How to Recognize a Fake Job Offer

Introduction

Scammers can be quite sophisticated in their tactics.  That makes it hard to know if an email message regarding a job is a scam or a legitimate employment-related email message.  Fortunately, there are some tip-offs when it comes to fake job offers.

Types of Email Job Scams

As with many scam or phishing emails, the goal of the sender is to get you to do one of two things:  (a) give up personal information; or (b) send money.

How to Know "This Might Be a Fake Job Offer Scam"

Here are some common identifiers for a scam job offer email:

  • If a job offer email claims that your resume is posted on a particular site, and you know it is not . . . it might be a fake job offer scam.
  • If the reply email address is a non-company email address (e.g. gmail, yahoo, hotmail, aol) . . . it might be a fake job offer scam.
  • If the offer is not addressed to you . . . it might be a fake job offer scam.
  • If the offer contains typos and/or poor grammar . . . it might be a fake job offer scam.
  • If the offer requires processing a payment electronically or cashing a check and sending money elsewhere. . . it might be a fake job offer scam.
  • If the offer asks for any personal contact information, such as phone, alternative email, or address to be sent in email...it might be a fake job offer scam.

Also, look for job offer scams that say "you got the job" before ever meeting with you in person.  If that sounds unlikely, it's because it is - it's hard to imagine many scenarios where a company would offer a job without an interview.  Occasionally in these situations, the "employer" will actually speak to you briefly on the phone, but most of your contact with the "company" will be via email.  Once the "company" has you "employed", they will typically will ask you to forward or wire money from a personal account to another account or even cash a check and return part of the money.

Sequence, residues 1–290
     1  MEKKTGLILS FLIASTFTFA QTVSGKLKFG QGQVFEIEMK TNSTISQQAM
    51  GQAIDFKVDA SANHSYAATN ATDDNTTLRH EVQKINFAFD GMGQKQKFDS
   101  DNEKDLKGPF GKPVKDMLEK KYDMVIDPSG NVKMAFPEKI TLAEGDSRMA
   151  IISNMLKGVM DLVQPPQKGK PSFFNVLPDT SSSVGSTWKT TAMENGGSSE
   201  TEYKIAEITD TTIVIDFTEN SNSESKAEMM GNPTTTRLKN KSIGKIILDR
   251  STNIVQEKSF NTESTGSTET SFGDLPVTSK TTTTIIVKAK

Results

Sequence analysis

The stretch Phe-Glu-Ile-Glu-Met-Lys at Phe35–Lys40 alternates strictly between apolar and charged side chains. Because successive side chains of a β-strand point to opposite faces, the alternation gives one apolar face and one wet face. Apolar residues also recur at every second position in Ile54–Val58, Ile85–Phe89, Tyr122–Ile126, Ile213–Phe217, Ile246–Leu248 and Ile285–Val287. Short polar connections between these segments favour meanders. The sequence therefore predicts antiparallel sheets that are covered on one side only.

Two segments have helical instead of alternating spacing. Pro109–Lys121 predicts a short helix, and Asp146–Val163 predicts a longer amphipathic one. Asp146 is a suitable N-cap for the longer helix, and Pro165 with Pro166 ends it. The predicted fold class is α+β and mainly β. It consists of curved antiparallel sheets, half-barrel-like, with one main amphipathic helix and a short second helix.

Fake Job Offer Scam Example

 

Below is an example of a scam email sent to a job seeker.  Problem areas are highlighted:

  • Poor spelling or grammar, sloppy or unprofessional construction
  • Offer of a work at home or "independent" work situation
  • Unrealistic or suspiciously high hourly rate for the work described
  • Personal email address used in a business communication

Dear First Name,

[Company Name] was established in 20XX by an international team of financial and marketing experts.  We specialize in delivering positive business results through solving currency exchange problems as well as online payments and transactions, their tools being innovative solutions, high performance and e-commerce optimization techniques.

We offer a "work at home" part-time position "Regional Manager".  This includes process payments between our partners' clients and our company, ensure all personal data relating to customers is maintained, accurate and kept discreet, identifying opportunities to improve service delivery. 

Position Type:  Permanent.  Working hours:  9:00 AM - 1:00 PM weekdays.  Variable overtime is also required Occupation Type:  part-time (1-5 hours a day occupation).  Salary $40 per hour.

Professional qualities and skills:  Scrupulous and diligent; Computer literate; Good organizational and administrative skills; Payment procedures prior experience would be an asset; Ability to work independently.